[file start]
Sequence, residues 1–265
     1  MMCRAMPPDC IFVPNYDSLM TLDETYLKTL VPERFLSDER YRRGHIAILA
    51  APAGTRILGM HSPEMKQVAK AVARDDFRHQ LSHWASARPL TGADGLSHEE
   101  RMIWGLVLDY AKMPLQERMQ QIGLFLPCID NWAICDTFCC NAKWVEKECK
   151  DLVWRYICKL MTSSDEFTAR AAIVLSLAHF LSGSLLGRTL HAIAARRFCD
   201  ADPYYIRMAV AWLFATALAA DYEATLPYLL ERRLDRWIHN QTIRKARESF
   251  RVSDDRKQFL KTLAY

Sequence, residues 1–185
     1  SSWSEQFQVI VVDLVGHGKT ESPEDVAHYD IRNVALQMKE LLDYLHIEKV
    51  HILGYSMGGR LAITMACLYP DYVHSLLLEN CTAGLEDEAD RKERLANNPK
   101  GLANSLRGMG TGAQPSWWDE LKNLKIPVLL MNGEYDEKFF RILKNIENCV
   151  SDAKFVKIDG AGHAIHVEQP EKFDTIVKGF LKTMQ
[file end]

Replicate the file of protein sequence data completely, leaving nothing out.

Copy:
Sequence, residues 1–265
     1  MMCRAMPPDC IFVPNYDSLM TLDETYLKTL VPERFLSDER YRRGHIAILA
    51  APAGTRILGM HSPEMKQVAK AVARDDFRHQ LSHWASARPL TGADGLSHEE
   101  RMIWGLVLDY AKMPLQERMQ QIGLFLPCID NWAICDTFCC NAKWVEKECK
   151  DLVWRYICKL MTSSDEFTAR AAIVLSLAHF LSGSLLGRTL HAIAARRFCD
   201  ADPYYIRMAV AWLFATALAA DYEATLPYLL ERRLDRWIHN QTIRKARESF
   251  RVSDDRKQFL KTLAY

Sequence, residues 1–185
     1  SSWSEQFQVI VVDLVGHGKT ESPEDVAHYD IRNVALQMKE LLDYLHIEKV
    51  HILGYSMGGR LAITMACLYP DYVHSLLLEN CTAGLEDEAD RKERLANNPK
   101  GLANSLRGMG TGAQPSWWDE LKNLKIPVLL MNGEYDEKFF RILKNIENCV
   151  SDAKFVKIDG AGHAIHVEQP EKFDTIVKGF LKTMQ